Exercises You Should Be Doing: Barbell Shovel Hold

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Up here in New England we’re very familiar with shovels.

51302774 - snow removal. orange shovel in snow, ready for snow removal, outdoors.

Copyright: bubutu / 123RF Stock Photo

Particularly during our long, cold, New England winters.1

The shovel I’m referring to in today’s post, however, has nothing to do with that kind of shovel. Unlike traditional shoveling which sucks – and ranks somewhere between getting a colonoscopy and listening to Donald Trump speak as things I’m not rushing to do – the “shovel” variation I’m highlighting today is (hopefully) more palatable and something you’ll find use for in the weight-room.

HINT: you totally will.

Barbell Shovel Hold


Who Did I Steal It From: Kinda, sorta myself. I wrote about a similar exercise a few years ago – the shovel lift – but came across a quick write-up by Boston-based coach, Matthew Ibrahim, describing this variation…which I felt was brilliant.2

What Does It Do: First and foremost this is a great exercise to help train rotary stability. The asymmetrical – or offset – nature of this exercise makes it a perfect fit for those struggling with chronic back pain. One must “fight” to maintain a neutral and upright torso position. Not only will this target the more superficial or global musculature – glutes (you need to actively fire these bad boys), erectors, abdominals, traps, rhomboids, obliques – but also the deep, stabilizing musculature as well. Think: the “deeper” muscles like TvA, multifidi, etc.

Note: if you perform this exercise while simultaneously performing positional breathing (inhale with FULL exhale, dialing in on rib position) you’ll hammer those deep, stabilizing muscles).

Because the drill is performed in a more or less isometric fashion, it lends itself as a very user-friendly option that pretty much anyone can do.

As a corollary, even with quote-on-quote “healthy” individuals/athletes, it serves as a welcome way to train core stability and possibly as a way to increase full-body time under tension. To that end, it could serve as a nice way for some trainees to add muscle mass to their frame.

Can you dig it?


See what I did there?

Key Coaching Cues: I feel the thrilling (<— kidding) video above makes things self-explanatory. You load a barbell with anywhere from 10-45 lbs. (start conservative, it’s harder than it looks), un-rack, and hold.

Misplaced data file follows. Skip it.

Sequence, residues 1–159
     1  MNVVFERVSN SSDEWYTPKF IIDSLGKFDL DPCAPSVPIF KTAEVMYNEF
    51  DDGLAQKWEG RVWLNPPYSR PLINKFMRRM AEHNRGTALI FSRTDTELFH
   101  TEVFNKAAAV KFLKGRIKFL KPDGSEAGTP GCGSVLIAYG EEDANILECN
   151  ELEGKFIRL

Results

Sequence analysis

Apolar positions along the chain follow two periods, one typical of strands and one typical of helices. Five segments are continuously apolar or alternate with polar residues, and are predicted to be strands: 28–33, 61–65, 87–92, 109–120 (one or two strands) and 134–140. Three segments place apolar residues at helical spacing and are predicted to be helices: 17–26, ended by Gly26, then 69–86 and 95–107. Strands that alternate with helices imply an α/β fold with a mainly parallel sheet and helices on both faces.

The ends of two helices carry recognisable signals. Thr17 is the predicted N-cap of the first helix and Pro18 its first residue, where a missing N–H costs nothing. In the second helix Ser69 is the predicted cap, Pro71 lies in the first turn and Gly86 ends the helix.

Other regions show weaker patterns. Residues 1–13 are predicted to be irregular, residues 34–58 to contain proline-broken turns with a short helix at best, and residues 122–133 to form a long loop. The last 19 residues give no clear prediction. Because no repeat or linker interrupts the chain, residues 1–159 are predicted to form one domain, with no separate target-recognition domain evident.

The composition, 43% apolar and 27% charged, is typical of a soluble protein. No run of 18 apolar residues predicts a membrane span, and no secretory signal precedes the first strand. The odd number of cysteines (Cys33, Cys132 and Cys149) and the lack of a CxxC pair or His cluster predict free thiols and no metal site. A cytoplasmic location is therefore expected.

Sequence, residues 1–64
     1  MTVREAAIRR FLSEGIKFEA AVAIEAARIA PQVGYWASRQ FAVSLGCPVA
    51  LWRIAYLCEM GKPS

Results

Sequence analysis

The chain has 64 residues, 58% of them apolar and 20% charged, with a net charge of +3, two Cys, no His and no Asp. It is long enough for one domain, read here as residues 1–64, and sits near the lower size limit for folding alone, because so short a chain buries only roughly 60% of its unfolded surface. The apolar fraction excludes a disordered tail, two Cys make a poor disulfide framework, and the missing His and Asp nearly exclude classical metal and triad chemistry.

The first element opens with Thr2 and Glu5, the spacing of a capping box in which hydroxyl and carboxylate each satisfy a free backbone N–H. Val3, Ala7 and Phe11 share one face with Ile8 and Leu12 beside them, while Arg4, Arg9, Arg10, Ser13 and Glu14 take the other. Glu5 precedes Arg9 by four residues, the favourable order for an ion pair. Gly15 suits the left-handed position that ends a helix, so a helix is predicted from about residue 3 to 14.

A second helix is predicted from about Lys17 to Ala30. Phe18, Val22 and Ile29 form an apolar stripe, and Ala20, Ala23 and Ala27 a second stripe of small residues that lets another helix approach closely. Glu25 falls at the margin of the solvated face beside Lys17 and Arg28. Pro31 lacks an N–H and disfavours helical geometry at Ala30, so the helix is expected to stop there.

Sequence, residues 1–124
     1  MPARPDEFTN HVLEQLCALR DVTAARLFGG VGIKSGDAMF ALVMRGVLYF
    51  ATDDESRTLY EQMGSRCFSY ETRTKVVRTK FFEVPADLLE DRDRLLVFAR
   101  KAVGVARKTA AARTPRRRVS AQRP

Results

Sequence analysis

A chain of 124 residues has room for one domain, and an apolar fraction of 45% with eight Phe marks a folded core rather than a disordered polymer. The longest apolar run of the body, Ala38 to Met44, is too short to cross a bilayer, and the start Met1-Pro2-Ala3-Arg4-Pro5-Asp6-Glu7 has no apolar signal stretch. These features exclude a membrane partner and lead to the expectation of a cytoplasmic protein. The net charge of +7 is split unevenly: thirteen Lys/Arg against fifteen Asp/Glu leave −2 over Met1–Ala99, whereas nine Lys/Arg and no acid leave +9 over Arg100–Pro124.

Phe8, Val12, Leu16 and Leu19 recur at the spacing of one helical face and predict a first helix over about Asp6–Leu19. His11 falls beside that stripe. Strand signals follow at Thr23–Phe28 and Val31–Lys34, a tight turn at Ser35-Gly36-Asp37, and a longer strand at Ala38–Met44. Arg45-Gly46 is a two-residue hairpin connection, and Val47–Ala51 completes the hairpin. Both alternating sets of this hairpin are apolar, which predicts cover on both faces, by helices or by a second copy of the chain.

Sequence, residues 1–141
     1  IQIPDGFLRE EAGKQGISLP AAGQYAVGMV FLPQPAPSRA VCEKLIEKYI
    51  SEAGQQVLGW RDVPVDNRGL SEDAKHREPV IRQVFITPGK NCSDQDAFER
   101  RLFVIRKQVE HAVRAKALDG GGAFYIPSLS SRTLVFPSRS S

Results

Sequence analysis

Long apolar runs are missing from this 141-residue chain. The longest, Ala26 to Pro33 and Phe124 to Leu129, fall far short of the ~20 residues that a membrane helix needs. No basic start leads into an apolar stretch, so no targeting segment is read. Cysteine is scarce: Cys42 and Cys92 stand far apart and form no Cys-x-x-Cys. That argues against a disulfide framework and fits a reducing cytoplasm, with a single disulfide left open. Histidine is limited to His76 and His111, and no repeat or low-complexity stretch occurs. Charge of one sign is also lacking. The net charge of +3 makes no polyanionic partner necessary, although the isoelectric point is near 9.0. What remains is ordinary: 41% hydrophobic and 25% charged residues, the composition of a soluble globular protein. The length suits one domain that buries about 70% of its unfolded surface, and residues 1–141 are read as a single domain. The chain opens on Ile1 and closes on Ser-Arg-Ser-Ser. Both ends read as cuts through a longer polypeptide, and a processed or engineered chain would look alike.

Brace your abs, squeeze your glutes, flex your quads, and think about squeezing oranges in your armpits to add even more body tension. Hold for a 5-10s count, rack the barbell, rest for 5-10s, and repeat for a total of 3-5 “reps.” Then repeat the same process with the load on the other side.

Shoot for a total of 3-5 “rounds.”

I’ve been using this as a quick “finisher” with some of my clients/athletes and they love it.

Did what you just read make your day? Ruin it? Either way, you should share it with your friends and/or comment below.

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  1. Which are right around the corner. Nooooooooooo.

  2. And, again, made me want to slap myself in the forehead for not having the brain power to think of it myself.

Comments for This Entry

  • Kyle J

    This is an excellent exercise to add to the repertoire! Between this and the last article, my patients are going to hate me, haha. But seriously, this will be a great exercise to add to any program; be it physical therapy or my own training.

    August 24, 2016 at 6:45 pm | Reply to this comment

    • TonyGentilcore

      Glad you liked it Kyle. It's a game changer for sure. Offset loading in general is excellent for a lot of PT patients I find. They force people to use muscles they never knew they had.

      August 25, 2016 at 9:03 am | Reply to this comment

  • Roberto Vázquez

    Could you tell me how we should do this exercise if we have scoliosis? For example, in my case, I have left lumbar, rigth dorsal scoliosis. Should I load rigth side more than left so that I improve my left abs (even deepest)? Thanx

    August 24, 2016 at 7:16 pm | Reply to this comment

    • TonyGentilcore

      I recently listened to a talk Mike Boyle gave and he noted how he feels EVERYONE has some degree of scoliosis. Not everyone is pathological, but it makes sense. I think what you suggested is fine.....maybe a few more sets (or time under tension) on the left side. However, both should still be trained. So long as nothing hurts day of or day after, you should be fine.

      August 25, 2016 at 9:04 am | Reply to this comment

  • Shane Mclean

    Where did that video come from 'Can you dig it?" Great exercise Tony. I imagine you can fool around with the grip going underhand and switch grip? Just a thought.

    August 28, 2016 at 2:41 pm | Reply to this comment

  • Andrea

    Hi Tony, I first saw this at Matthew's IG and I was wandering how is it different from something like suitcase carries? Other than the fact that I'm walking, couldn't I just pick up a 20kg kb and do the same? thanks!

    August 29, 2016 at 5:37 am | Reply to this comment

    • TonyGentilcore

      It's very, very close yet. But with the barbell, it just "feels" different. You have to use both hands to "balance" the barbell. In effect, you could absolutely perform suitcase carries (of which I am a HUGE fan of), but the shovel hold is a nice alternative.

      August 30, 2016 at 11:47 am | Reply to this comment

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